Many researchers around the world use it to study specific proteins related to cancer and other diseases; crop production; and green energy.

From Cancer to Climate Change

A few years ago, Cheng began tackling climate change by looking into green energy himself. He received a grant from the Department of Energy to study proteins found in green algae in hopes of finding a way to boost production and eventually allow algae to replace fossil fuels.

Green algae grow in water and convert sunlight into energy. It’s especially of interest as a biofuel because it also absorbs carbon dioxide out of the atmosphere. So it would reduce carbon dioxide pollutants not only when used as a biofuel, but also while it’s growing.

Right now, though, the cost of producing green algae for energy is higher than current fossil fuel production.

But that could change if Cheng and collaborators are able to engineer proteins within algae to foster growth. They’re using AI to guide them as to which amino acids need to be altered to make that possible.

“If we can make it more efficient, we can continue to reduce the cost of cultivating green energy and reach a point where it’s cheaper or at the same price as fossil fuel production,” he said. “And that’s when we can reduce climate change and make more sustainable energy.”

Paying it Forward

When he’s not tackling major world problems, Cheng works hard to train the next generation both in the classroom and as an academic advisor.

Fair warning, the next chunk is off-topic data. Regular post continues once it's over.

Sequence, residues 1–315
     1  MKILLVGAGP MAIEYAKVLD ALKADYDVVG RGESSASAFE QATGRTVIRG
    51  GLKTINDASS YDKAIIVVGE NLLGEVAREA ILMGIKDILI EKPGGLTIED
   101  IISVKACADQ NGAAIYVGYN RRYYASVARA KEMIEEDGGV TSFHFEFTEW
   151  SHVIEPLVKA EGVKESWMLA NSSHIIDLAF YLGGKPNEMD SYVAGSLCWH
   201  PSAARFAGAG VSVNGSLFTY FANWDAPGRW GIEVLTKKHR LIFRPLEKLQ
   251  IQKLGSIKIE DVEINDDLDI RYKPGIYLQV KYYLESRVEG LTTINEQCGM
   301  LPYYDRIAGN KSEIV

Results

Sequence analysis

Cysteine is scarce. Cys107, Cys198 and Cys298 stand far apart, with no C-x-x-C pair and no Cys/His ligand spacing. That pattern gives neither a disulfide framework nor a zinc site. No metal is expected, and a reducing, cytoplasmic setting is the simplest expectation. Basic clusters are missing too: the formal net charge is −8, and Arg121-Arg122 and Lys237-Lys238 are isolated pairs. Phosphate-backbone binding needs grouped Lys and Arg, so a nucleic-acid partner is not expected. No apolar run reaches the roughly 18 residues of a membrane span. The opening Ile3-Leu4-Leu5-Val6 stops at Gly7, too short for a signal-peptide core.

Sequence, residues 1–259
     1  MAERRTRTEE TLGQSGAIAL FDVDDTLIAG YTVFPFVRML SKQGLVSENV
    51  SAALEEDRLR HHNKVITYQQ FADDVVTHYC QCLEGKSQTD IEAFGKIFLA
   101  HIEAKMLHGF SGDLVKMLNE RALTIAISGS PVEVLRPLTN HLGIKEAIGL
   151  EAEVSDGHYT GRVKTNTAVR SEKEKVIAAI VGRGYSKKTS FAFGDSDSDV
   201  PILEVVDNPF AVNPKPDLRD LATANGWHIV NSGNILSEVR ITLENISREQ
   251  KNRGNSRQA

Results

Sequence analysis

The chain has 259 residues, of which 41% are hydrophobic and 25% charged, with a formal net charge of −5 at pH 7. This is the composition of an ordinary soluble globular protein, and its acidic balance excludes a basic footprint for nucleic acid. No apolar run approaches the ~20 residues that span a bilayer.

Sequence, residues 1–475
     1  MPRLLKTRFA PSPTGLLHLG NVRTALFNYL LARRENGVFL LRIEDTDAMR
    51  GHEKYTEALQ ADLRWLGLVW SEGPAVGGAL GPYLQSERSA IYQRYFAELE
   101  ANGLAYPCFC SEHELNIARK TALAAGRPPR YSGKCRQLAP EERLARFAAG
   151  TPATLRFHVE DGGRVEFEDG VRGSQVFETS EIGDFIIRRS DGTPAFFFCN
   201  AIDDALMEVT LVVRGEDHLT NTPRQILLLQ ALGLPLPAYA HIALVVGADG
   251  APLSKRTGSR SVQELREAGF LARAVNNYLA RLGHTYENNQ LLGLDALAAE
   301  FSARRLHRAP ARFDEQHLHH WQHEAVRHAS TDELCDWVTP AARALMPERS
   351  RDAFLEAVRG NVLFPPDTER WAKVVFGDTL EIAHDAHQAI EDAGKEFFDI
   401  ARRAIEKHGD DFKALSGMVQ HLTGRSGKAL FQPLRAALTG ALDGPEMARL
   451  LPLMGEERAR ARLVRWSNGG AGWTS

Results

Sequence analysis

Students in his courses get the best of both worlds—an understanding of the theories behind computer science and the knowledge of how those theories are used.

“If you only learn theory, you don’t know how it works in the real world, but if you only work on the real-world problems without theory, you don’t have sufficient guidance,” he said. “You have to combine the two.”

He uses class projects to help students develop problem-solving skills and teamwork while building a strong theoretical foundation.

Cheng also knows how important advising is. Just as he found his passion during his PhD studies, he knows he’s helping future generations find theirs. And for some, that has meant going on to become professors themselves.

“If I train students to become professors, then they train their students, you spread the knowledge and skills quickly,” he said. “So you start to develop a high-tech workforce. That’s how the U.S. maintains its competitiveness in the high-tech domain. In order to keep doing that, a research-driven education pipeline must be maintained.”

One Protein at a Time

Cheng doesn’t get overwhelmed at the prospect of trying to cure diseases or solve climate change. They’re enormous problems, but he keeps his eye on the tiny proteins that could become solutions.

In recent years, he’s turned his attention to RuBisCO, an abundant enzyme that accounts for a large portion of proteins found in all plants.

“I didn’t know much about this protein before, but it’s arguably the most important enzyme on Earth” he said. “All plants use it to convert carbon dioxide into biocarbon that can be used by life systems. So without this enzyme, there is no life on earth.”

With such a big role in our existence, there’s no telling what a better understanding of RuBisCO means for human life.

For now, though, Cheng believes it’s key to biofuel production and a cleaner, more energy efficient planet.

“I like to work on fundamental problems like treating cancer and producing green energy,” he said. “Those are ambitious goals. But we work on manageable, specific problems that can be solved in a couple of years. By having a big vision with very significant targets, we can make real progress. I’m very excited about it.”